Indian democracy loses to Chinese efficiency - by 160 votes

May 13th, 2009 - 4:40 pm ICT by IANS  

By Dipankar De Sarkar
London, May 13 (IANS) As millions of Indians prepared for Wednesday’s last round of elections, India’s much-lauded democracy was given a thorough drubbing by China’s efficiency-driven one-party system.

The result of some hard-headed voting at the end of a lively debate on India and China at the Royal Geographical Society in London Tuesday baffled many - India started out marginal favourites, but then lost heavily.

At the start of the debate, 266 members of the audience voted for the motion, ‘The future belongs to India, not China,’ while 223 voted against and 221 were undecided.

At the end, when the audience was asked to vote again, the don’t-knows had dwindled to 23, but a massive swing saw China take the day with 421 votes and India lumbering behind with 261 votes, five fewer than it had just over an hour ago.

It was, declared moderator Edward Lucas of The Economist magazine - and author of ‘The New Cold War’, one of the “sharpest” swings he had seen.

Speaking for India at the event were author and former CEO of Proctor & Gamble India, Gurcharan Das, veteran broadcaster Mark Tully and the international economist Deepak Lal.

The Chinese side had an equally distinguished team - Charles Powell, private secretary and foreign policy advisor to former British Prime Minister Margaret Thatcher, Malaysian-born economist Danny Quah, and Hong Kong businessman and socialite David Tang.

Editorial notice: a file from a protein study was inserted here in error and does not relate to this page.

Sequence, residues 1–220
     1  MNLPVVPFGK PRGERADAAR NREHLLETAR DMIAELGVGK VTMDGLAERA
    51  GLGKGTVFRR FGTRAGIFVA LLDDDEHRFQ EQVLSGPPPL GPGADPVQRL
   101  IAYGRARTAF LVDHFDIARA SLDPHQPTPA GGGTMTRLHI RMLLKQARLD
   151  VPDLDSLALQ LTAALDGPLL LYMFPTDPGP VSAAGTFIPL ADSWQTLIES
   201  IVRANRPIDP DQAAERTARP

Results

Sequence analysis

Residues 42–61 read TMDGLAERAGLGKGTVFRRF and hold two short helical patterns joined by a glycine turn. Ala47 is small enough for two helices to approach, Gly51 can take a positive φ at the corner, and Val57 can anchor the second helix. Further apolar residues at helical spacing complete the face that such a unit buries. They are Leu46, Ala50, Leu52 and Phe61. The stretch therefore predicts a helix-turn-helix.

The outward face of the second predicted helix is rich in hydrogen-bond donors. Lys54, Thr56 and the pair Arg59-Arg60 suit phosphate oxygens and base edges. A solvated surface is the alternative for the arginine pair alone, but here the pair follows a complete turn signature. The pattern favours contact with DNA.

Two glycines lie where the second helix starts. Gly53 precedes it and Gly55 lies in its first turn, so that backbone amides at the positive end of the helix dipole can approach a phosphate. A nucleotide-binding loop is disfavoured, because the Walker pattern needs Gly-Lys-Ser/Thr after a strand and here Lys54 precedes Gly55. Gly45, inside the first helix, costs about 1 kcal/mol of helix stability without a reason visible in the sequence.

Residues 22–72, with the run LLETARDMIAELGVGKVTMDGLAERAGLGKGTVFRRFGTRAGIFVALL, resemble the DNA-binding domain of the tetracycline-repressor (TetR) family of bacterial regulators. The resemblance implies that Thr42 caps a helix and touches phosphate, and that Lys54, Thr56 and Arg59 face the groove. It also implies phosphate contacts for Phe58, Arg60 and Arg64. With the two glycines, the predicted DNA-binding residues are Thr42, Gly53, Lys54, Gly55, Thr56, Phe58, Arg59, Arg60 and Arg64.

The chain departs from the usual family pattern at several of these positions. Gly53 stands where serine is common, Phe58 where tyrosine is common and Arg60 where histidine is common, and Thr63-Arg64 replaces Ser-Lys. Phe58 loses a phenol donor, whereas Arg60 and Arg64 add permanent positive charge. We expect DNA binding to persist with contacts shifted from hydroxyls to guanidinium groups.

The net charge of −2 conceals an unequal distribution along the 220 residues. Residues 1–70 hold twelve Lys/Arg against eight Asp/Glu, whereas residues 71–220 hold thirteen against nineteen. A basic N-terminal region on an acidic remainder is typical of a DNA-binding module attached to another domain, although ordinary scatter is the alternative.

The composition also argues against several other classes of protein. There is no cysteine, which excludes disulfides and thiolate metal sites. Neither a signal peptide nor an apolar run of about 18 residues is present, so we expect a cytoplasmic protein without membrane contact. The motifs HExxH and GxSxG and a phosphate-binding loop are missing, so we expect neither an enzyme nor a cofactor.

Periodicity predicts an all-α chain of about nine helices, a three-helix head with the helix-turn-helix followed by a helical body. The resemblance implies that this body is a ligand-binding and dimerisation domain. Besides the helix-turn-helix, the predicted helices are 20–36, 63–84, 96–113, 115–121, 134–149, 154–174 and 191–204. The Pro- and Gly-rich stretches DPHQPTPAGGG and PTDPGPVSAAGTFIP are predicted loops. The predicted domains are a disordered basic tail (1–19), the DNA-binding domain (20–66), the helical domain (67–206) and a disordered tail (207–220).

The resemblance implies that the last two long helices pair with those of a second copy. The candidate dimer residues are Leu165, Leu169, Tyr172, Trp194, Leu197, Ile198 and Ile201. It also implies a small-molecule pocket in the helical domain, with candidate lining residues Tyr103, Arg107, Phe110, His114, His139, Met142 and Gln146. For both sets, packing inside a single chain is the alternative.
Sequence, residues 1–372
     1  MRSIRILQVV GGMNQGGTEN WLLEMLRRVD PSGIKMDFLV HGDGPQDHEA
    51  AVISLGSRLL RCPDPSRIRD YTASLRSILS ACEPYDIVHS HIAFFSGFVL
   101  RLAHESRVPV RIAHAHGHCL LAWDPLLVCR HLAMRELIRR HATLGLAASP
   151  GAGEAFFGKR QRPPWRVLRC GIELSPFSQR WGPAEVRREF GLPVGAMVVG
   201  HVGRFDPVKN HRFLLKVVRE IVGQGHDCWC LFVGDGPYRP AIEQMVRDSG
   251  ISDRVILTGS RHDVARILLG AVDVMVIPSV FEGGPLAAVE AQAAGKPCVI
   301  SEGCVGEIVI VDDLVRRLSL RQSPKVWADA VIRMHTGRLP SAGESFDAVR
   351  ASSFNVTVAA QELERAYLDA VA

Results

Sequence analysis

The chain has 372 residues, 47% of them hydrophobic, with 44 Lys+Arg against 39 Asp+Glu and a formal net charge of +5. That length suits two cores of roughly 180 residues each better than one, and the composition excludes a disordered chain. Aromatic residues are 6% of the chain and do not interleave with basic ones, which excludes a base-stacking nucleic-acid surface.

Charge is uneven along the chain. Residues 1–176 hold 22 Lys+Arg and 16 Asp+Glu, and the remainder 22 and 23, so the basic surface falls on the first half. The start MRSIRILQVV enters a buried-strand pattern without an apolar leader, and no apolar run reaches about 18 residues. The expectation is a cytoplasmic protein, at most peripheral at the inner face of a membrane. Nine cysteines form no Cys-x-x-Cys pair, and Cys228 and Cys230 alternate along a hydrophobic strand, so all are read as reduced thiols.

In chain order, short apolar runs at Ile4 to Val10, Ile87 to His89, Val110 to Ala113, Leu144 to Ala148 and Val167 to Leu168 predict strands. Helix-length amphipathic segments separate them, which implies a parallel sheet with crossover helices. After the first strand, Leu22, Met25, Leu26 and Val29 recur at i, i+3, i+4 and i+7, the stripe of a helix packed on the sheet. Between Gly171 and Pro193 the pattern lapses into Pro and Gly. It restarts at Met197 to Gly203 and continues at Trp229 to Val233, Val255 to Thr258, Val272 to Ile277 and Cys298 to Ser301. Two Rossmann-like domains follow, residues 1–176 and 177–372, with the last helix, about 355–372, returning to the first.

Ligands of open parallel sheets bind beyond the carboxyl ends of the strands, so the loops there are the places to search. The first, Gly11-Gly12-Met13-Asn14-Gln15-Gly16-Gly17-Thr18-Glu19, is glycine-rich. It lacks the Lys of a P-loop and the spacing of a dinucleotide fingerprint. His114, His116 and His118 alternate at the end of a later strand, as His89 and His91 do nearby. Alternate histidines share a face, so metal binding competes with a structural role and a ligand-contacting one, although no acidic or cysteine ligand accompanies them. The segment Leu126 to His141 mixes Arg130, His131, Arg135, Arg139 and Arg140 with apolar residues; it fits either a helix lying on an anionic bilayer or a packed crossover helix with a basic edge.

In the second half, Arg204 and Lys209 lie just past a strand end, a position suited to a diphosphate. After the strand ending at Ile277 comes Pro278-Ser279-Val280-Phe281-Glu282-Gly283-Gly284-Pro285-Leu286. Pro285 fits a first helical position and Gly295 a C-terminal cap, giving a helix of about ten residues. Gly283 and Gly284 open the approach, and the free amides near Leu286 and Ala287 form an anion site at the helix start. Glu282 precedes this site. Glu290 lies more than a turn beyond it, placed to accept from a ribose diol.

The difference, it appears, lay in how the two countries went about preparing for the future - or indeed the debate itself.

Although speakers on both sides agreed that in an ideal world the future would belong to India’s democracy, Powell - a former bureaucrat - told the audience that that was just “wishful thinking.”

“It may be what ought to happen, but it’s not going to happen,” Powell said.

“China has a strategy to own the future, to reclaim what it regards as its rightful leading place in the world. And it has a system of government that is geared to achieving just that. It is disciplined, single-minded and dynamic in pursuit of its goal in a way that a democracy cannot be,” Powell said.

As in the world outside, so inside the historic debating hall of the Royal Geographic Society.

The Chinese side were a thoroughly rehearsed lot - Powell spoke of rehearsals with the other speakers in his office.

And the Indian team? You guessed it: as the articulate and passionate Gurcharan Das later told IANS: “I don’t know about the others, but I certainly went through my speech several times.”

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